Texas Republicans pass new abortion bill, Democrats vow court and electoral fight ahead

AUSTIN, Texas (AP) Republicans in the Texas Legislature passed an omnibus abortion bill that is one of the most restrictive in the nation, but Democrats vowed Saturday to fight both in the courts and the ballot box as they used the measure to rally their supporters.

More than 2,000 demonstrators filled the Capitol building in Austin to oppose the bill, and state troopers drug six out of the Senate chamber for trying to disrupt the debate. The Republican majority ultimately passed the bill unchanged just before midnight, with all but one Democrat voting against it.

"Today the Texas Legislature took its final step in our historic effort to protect life," said Gov. Rick Perry who will sign the bill into law in the next few days. "This legislation builds on the strong and unwavering commitment we have made to defend life and protect women's health."

Democrats, though, promised a fight in the courts.

"There will be a lawsuit. I promise you," Dallas Sen. Royce West said on the Senate floor, raising his right hand as if taking an oath.

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Jury in George Zimmerman murder trial to begin 2nd day of deliberations


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SANFORD, Fla. (AP) The jury in George Zimmerman's murder trial is set to begin a second day of deliberations on Saturday, weighing whether the neighborhood watch volunteer committed a crime almost a year and a half ago when he fatally shot Trayvon Martin.

As the jury began their discussions Friday afternoon, police and civic leaders in this Orlando suburb went on national television to plead for calm in Sanford and across the country, no matter what the verdict.

"There is no party in this case who wants to see any violence," Seminole County Sheriff Don Eslinger said. "We have an expectation upon this announcement that our community will continue to act peacefully."

During closing arguments, the jury heard dueling portraits of the neighborhood watch captain: a cop wannabe who took the law into his own hands or a well-meaning volunteer who shot Martin because he feared for his life.

Zimmerman's lawyers put a concrete slab and two life-size cardboard cutouts in front of the jury box in one last attempt to convince the panel Zimmerman shot the unarmed black 17-year-old in self-defense while his head was being slammed against the pavement.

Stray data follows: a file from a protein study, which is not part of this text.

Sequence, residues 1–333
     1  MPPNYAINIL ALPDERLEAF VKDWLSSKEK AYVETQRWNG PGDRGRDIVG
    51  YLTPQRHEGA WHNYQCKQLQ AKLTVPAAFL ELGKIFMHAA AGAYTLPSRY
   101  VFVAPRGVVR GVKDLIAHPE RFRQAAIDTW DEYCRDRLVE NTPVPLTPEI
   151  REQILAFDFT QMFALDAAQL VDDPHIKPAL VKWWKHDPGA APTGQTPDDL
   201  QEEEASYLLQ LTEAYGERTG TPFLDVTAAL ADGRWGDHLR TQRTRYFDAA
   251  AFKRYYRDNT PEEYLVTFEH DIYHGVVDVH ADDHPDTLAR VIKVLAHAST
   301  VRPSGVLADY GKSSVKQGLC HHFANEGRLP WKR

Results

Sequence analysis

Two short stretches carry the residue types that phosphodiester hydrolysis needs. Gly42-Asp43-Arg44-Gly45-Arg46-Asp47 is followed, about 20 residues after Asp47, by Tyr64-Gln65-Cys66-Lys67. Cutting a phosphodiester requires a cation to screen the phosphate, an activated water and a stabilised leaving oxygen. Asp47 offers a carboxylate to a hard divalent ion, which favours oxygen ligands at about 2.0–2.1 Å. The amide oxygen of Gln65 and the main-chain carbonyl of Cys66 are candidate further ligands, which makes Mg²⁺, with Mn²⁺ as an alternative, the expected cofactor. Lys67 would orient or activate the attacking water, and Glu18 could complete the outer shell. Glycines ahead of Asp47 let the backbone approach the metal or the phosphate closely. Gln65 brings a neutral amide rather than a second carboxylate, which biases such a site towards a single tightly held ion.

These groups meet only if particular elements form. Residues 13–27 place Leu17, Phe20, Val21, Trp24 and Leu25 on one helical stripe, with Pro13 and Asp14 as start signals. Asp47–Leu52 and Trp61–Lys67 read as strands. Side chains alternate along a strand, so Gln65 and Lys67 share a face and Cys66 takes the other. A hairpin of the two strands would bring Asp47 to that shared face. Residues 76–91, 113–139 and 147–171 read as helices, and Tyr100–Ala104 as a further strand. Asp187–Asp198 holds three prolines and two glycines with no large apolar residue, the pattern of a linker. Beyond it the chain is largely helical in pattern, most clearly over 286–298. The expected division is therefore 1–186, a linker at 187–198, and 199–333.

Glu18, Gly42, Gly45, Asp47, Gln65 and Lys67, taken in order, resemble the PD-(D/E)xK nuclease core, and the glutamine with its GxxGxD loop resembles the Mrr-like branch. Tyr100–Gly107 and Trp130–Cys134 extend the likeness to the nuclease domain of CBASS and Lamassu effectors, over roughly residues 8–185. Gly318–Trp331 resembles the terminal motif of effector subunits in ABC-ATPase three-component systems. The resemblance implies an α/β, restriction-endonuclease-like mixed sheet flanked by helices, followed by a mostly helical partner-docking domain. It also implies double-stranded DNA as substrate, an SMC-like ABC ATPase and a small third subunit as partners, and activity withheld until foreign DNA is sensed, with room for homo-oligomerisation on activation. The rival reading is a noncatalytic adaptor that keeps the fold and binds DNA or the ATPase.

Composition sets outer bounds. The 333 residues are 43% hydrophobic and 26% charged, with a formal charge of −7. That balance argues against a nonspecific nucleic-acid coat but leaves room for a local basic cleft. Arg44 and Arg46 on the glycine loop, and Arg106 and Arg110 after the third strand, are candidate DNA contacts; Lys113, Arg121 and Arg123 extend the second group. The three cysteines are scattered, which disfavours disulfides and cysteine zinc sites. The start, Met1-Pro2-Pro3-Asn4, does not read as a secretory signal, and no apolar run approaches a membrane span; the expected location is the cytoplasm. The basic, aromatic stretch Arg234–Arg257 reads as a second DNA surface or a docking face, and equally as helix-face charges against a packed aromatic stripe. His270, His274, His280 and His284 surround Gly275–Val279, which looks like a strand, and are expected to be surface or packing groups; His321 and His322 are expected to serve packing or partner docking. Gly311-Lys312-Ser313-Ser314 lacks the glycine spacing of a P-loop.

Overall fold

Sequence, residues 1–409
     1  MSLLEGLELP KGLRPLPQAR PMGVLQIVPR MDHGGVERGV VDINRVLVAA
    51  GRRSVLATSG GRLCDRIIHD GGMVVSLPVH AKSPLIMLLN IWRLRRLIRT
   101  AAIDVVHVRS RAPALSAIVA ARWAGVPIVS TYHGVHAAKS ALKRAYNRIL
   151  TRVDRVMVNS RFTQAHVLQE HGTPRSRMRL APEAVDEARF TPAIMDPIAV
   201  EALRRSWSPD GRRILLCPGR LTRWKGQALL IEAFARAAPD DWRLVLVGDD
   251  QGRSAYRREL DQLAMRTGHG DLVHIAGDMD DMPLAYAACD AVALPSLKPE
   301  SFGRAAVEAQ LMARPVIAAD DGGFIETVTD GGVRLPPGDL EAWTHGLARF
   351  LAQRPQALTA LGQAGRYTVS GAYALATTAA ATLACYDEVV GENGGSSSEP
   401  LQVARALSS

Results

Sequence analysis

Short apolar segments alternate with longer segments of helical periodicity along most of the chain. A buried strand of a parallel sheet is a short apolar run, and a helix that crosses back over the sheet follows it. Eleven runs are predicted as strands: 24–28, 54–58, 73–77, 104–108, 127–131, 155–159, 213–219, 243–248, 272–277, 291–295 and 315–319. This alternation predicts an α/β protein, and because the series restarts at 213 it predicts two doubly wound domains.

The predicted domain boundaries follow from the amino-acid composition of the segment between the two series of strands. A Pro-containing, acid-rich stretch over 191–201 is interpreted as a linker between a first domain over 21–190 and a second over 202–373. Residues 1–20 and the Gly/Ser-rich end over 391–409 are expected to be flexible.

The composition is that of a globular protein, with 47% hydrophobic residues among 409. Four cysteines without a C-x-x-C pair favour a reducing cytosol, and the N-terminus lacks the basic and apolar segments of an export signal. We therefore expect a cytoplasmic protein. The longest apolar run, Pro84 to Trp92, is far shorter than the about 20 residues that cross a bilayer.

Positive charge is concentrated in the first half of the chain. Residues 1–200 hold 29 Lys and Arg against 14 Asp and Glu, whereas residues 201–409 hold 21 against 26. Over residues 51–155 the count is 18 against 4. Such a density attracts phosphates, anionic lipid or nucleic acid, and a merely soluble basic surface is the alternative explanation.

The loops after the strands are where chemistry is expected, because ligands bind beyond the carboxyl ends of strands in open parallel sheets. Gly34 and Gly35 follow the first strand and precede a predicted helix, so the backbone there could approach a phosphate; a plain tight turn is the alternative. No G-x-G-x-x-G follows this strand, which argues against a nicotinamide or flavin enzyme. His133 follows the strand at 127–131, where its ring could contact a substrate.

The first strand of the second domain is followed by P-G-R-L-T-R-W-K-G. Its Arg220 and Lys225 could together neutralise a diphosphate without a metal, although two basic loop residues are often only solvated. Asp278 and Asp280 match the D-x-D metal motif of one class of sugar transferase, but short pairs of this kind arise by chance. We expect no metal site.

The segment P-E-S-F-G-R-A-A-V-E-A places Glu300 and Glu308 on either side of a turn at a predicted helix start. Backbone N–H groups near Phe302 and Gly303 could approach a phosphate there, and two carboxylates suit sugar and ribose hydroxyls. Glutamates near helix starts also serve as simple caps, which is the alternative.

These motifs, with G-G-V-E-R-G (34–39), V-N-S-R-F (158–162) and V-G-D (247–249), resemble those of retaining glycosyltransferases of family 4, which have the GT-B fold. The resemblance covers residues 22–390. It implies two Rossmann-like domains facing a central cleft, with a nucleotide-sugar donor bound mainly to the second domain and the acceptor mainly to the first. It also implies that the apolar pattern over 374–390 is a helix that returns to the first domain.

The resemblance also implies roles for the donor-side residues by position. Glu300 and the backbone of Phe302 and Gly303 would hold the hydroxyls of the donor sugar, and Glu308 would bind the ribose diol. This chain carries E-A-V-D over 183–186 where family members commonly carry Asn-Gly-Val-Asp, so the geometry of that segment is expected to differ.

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Third Chinese girl dies from injuries in San Francisco jetliner crash

SAN FRANCISCO (AP) A girl who had been in intensive care since the crash-landing of an Asiana Airlines flight has died, hours after authorities confirmed one of the two Chinese teenagers killed in the disaster was hit by a fire truck speeding to the crash site.

The disclosure about the Chinese teenager raised the tragic possibility that she could have survived the crash only to die in its chaotic aftermath.

No one knows yet whether the two teens lived through the initial impact at the San Francisco airport. But police and fire officials confirmed Friday that Ye Meng Yuan, 16, was hit by a fire truck racing to extinguish the blazing Boeing 777.

"The fire truck did go over the victim at least one time. Now the other question is what was the cause of death?" police spokesman Albie Esparza said. "That's what we are trying to determine right now."

San Mateo County Coroner Robert Foucrault said the results of his initial inquiry into the deaths would likely be released sometime next week. He would not comment on the police investigation.

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Russian official says no asylum application received from Snowden

MOSCOW (AP) Russian immigration officials say they have not received an application from Edward Snowden, the U.S. National Security Agency leaker who wants to get asylum in Russia.

Snowden came to Moscow's Sheremetyevo international airport on June 23 from Hong Kong, apparently intending to board a flight to Cuba. But he did not get on that flight and is believed to have spent the last three weeks marooned in the airport's transit zone.

On Friday, he met there with human rights activists and said he would seek Russian asylum, at least as a temporary measure before going to Venezuela, Bolivia or Nicaragua, all of which have offered him asylum.

But the Interfax news agency quoted Russian migration service head Konstantin Romodanovsky as saying no asylum request had been received as of Saturday.

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Homeland secretary resignation widens leadership gap; no permanent heads in 1 of 3 senior jobs

WASHINGTON (AP) The leadership vacancy created by Homeland Security Secretary Janet Napolitano's resignation is the latest and greatest blow to a department where one-third of the heads of key agencies and divisions have been filled with acting officials or remained vacant for months.

Napolitano's departure, slated for September, will create the 15th hole in the department's 45 leadership positions. Napolitano's chief of staff and the director of Immigration and Customs Enforcement are leaving this month. The deputy secretary, general counsel, heads of Customs and Border Protection, privacy, legislative affairs, intelligence and analysis and more are filled with acting officials. And other key positions, like the executive secretariat, inspector general and deputy undersecretary for cybersecurity remain vacant.

The pattern of putting acting officials in leadership positions at the Homeland Security Department sometimes replacing acting officials with other acting officials has been going on for months. This swath of vacancies raises questions about how a department depleted of permanent leadership could implement changes, particularly as Congress considers overhauling the nation's immigration system.

"Her departure is a substantial addition to the growing list of unfilled key leadership positions within the department," Rep. Michael McCaul, R-Texas, who chairs the House Homeland Security Committee, said of Napolitano's resignation. "The administration should move swiftly to fill the gaping holes in its management."

The White House referred a request for comment to the Homeland Security Department, which did not respond.

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French train derailment that left 6 dead was not caused by human error, minister says